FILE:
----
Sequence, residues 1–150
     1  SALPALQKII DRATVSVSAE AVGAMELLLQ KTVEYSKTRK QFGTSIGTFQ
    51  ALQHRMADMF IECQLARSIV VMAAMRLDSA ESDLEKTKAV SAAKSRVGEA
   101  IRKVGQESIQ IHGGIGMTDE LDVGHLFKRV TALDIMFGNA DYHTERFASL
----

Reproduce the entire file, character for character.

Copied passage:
Sequence, residues 1–150
     1  SALPALQKII DRATVSVSAE AVGAMELLLQ KTVEYSKTRK QFGTSIGTFQ
    51  ALQHRMADMF IECQLARSIV VMAAMRLDSA ESDLEKTKAV SAAKSRVGEA
   101  IRKVGQESIQ IHGGIGMTDE LDVGHLFKRV TALDIMFGNA DYHTERFASL